The issue of employee wellbeing has been back with a vengeance in the headlines this week.
First we learn that employees are blaming their workloads for a lack of exercise. Then, as the media focuses on the results of the Fit for Work pilot schemes, Dame Carol Black – the author of the 2011 Sickness Absence Review for the Department for Work and Pensions – is back advocating an employer role in supporting public health.
With average sickness absence levels stubbornly hovering around eight days per employee and longer term absences causing a more significant problem, there are now few employers who now do not accept they need to support employee health and wellbeing.
The problem is this growing awareness of the issue has yet to be matched with a clear sense of what to do about it. Hence the slow progress and the need for people like Dame Carol to come forward and keep on making the case for employers to do more. So what is causing the blockage?
The first issue, surfaced by our own research on health and wellbeing last year, is that while there may be growing awareness of the need for a focus on health and wellbeing, this isn’t currently supported by senior buy-in for and or investment in health and wellbeing programmes within three quarters (76%) of organisations.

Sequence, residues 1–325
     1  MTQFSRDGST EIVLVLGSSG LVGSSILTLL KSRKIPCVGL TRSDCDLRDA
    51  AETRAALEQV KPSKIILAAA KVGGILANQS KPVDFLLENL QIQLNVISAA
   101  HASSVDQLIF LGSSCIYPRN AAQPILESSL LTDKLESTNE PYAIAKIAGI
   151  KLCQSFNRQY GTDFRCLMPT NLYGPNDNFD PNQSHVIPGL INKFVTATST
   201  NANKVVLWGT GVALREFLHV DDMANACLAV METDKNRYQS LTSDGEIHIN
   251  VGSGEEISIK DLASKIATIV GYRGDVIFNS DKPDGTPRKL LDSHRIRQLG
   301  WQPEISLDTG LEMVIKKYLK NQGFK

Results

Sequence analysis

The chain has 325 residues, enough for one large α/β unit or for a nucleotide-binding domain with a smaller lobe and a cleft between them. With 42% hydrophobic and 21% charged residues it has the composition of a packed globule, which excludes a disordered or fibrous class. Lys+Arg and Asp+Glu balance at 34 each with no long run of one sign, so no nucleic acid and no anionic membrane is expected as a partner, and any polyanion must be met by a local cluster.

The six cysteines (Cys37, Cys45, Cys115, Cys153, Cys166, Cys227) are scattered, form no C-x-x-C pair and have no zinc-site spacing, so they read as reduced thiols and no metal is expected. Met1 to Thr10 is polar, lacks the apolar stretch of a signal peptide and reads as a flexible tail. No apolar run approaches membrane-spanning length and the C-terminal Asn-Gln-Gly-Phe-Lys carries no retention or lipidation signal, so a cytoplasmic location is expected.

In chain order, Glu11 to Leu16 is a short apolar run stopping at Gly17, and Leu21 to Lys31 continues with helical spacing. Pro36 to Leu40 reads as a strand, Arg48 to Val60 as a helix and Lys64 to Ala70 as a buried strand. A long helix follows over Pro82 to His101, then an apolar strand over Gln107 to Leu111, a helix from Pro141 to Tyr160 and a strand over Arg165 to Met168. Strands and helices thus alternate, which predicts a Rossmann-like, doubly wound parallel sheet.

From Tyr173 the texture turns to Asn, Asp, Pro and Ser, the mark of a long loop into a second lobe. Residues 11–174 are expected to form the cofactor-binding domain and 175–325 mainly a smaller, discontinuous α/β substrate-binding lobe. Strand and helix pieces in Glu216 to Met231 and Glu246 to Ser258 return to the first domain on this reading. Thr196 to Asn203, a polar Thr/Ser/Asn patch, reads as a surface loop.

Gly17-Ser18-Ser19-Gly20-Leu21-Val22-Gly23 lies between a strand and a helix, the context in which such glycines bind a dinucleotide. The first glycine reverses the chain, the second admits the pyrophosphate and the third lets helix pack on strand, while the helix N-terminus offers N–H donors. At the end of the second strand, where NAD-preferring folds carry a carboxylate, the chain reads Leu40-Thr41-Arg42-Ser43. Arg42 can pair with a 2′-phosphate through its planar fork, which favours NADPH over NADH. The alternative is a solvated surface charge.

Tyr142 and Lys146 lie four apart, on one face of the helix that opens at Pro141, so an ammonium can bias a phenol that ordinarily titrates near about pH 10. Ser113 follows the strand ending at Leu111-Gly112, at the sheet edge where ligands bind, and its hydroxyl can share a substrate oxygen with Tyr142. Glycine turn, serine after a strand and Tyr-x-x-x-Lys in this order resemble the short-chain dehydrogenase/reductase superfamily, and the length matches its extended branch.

This leads to a second problem where although nearly all organisations (96%) say they do something to support health and wellbeing, there is clear a lack of joined up thinking with only 33% of organisations having a wellbeing strategy for their business.
The last issue comes from a lack of understanding of the impact of health and wellbeing on a business. Looking at the impact of absence beyond monitoring sickness absence and evaluating the impact of health and wellbeing programmes are still not commonplace for employers. This means that the real costs as well as the benefits to organisations are simply not understood.
So there is still much work to be done.
This needs to start with organisations thinking applying tactical and reactive approaches to supporting employee health and developing a more planned approach which goes beyond the traditional health insurance and EAP combination of benefits. Organisations need to be more thoughtful, proactive and creative in their thinking and in what they do.
From a buy-in perspective, HR – and it is the HR team who tends to lead on this – needs to start making a stronger case in numbers and figures to get support from finance and the senior leadership level so there are powerful advocates for health and wellbeing at the heart of the organisation. We then need to work much harder to prove that what we are doing works through robust evaluation.
The agenda may be crowded for HR but this is a battle that really matters. Healthy workplaces aren’t just good for employees, they are critical to the wellbeing of organisations.
It is has to make more sense for organisations to ensure they are fit to fight the commercial battles that matter rather than spending time and energy in fighting to be fit in the first place.
Andy Philpott is sales and marketing director of Edenred – www.edenred.co.uk
twitter – @andy_philpott